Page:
The smart money is betting that tax reform won't happen this year, or anytime soon. Not with an election just 10 months away, and an even bigger one following close on its heels.
That's too bad, because tax reform is one of the few issues where you could actually imagine a really interesting and useful bipartisan debate. What's more, there would be plenty of upsides to such a debate for progressives.
On the bipartisan potential: Both progressives and conservatives hate many features of the tax code, for their own reasons. Progressives dislike how the biggest individual tax breaks -- for housing, healthcare, and pensions -- heavily favor the affluent, and how the corporate tax code is littered with giveaways to already profitable industries, like Big Oil. A growing number of progressives also dislike how we tax good activities like work and wealth creation, when we could be taxing bad activities like pollution, financial speculation, and overconsumption. Meanwhile, libertarian conservatives hate how the tax code puts government in charge of "picking winners and losers," as well as "social engineering," and dislike the overall complexity of the system. Some on the right also think we should shift what we tax, away from work and wealth.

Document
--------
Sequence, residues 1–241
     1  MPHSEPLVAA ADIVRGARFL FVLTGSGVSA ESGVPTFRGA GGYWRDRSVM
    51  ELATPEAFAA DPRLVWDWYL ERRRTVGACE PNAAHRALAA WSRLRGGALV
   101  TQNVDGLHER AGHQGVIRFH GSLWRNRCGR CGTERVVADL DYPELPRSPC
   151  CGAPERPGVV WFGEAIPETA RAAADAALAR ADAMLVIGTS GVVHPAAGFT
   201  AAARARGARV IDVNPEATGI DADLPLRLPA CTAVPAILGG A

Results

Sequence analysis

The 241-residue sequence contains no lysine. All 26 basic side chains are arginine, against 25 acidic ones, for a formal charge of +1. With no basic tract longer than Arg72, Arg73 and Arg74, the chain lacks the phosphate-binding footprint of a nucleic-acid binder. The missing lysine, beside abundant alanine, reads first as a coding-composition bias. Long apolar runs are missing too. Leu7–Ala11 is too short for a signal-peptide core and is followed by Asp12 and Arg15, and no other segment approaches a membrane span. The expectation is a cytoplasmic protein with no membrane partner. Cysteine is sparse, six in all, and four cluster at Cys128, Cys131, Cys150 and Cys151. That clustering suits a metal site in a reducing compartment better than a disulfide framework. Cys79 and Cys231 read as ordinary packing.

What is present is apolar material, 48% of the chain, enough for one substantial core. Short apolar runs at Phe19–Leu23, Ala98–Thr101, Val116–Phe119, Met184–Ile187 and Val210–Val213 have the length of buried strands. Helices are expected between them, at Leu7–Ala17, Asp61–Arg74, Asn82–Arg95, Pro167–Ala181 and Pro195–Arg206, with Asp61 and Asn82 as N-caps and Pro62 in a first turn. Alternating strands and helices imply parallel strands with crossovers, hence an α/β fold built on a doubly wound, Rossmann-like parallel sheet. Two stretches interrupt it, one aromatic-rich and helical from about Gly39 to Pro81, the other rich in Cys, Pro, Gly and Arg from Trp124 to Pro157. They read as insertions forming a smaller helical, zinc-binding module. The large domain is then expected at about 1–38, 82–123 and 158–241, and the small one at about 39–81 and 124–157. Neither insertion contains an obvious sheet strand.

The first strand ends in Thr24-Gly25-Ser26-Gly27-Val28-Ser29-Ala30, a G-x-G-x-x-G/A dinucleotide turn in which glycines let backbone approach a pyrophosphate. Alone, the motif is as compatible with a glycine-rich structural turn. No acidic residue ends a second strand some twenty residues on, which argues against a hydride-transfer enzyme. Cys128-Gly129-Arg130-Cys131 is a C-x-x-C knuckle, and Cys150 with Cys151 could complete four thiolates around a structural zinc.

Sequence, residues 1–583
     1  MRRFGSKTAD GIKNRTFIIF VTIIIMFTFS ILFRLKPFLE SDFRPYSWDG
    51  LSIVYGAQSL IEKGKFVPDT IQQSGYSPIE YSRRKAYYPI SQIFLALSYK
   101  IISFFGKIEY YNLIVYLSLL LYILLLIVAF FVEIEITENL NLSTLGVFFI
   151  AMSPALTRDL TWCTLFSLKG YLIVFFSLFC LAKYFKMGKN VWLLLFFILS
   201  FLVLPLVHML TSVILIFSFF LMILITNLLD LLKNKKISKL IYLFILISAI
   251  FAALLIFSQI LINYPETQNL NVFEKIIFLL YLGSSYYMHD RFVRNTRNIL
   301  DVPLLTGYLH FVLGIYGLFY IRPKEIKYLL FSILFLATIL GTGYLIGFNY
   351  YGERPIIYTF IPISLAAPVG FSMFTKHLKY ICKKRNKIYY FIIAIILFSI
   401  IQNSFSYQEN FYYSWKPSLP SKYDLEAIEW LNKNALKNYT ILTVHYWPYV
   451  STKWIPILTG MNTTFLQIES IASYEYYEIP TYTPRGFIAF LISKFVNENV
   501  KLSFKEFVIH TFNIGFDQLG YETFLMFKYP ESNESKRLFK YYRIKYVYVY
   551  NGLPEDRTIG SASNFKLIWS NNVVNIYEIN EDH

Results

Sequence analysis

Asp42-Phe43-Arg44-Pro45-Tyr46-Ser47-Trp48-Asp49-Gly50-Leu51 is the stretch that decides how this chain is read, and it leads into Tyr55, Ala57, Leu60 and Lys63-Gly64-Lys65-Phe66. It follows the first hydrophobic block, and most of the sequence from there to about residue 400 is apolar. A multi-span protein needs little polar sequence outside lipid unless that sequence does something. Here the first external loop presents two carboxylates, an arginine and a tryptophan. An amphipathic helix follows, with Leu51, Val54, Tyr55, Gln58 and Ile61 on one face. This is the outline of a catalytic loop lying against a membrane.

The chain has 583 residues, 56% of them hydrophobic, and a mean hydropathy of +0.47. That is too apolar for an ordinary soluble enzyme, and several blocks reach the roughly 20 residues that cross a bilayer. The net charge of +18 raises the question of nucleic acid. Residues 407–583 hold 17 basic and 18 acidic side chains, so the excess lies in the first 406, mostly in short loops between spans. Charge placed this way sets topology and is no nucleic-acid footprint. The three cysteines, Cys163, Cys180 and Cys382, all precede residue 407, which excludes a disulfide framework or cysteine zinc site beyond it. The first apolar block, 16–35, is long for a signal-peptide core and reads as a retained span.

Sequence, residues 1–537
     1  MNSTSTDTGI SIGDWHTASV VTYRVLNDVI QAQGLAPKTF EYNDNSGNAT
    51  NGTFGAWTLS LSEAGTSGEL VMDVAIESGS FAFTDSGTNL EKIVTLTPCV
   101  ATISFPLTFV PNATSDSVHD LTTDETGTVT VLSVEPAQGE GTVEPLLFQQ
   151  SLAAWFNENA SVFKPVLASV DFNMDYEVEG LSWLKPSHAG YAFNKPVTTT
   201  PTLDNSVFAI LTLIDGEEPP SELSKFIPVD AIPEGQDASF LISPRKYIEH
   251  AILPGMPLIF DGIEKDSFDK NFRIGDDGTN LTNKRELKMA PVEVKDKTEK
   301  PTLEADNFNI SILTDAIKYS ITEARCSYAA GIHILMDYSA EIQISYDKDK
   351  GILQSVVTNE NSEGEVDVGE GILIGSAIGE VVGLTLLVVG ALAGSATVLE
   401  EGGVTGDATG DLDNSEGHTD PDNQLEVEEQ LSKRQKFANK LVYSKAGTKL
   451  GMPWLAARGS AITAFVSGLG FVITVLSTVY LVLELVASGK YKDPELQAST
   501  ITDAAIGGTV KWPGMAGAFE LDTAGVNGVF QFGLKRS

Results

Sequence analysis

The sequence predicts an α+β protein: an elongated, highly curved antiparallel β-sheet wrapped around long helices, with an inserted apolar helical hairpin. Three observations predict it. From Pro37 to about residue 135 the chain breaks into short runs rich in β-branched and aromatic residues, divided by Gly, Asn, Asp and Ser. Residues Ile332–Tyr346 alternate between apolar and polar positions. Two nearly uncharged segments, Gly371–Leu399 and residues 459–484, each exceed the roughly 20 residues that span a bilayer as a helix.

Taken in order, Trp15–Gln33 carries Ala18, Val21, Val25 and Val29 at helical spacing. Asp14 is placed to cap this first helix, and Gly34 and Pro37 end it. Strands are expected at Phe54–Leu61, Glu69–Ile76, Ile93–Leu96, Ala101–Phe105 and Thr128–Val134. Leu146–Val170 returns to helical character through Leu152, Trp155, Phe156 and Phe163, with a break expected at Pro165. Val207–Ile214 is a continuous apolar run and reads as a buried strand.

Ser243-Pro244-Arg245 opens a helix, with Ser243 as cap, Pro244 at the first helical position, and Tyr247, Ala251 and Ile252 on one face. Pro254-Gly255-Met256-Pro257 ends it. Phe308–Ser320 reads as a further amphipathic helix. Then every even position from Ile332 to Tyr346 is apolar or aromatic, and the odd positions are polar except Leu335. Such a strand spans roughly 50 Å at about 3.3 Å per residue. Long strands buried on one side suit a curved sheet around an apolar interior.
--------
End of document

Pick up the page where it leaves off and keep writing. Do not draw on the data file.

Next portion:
These areas of common interest are what could make a tax reform debate both interesting and productive. Unlike the usual political fights in Washington, this one wouldn't automatically pit left and right against each other; it would pit special interests against reformers of a variety of stripes.
Of course, proposals for revenue positive tax reform -- or revenue negative -- would instantly dash any left-right convergence, but otherwise we could see a lot of good developments, even if reform didn't ultimately pass. Here are a few strong ideas that could gain traction:
Beyond all this, a big tax reform bite would be useful for other reasons, like reminding Americans of the need to limit the influence of lobbyists and special interest groups -- influence which would be dramatically showcased as one proposal after the other faced a blowtorch of focused resistance.
Come on, Washington, get this fight going.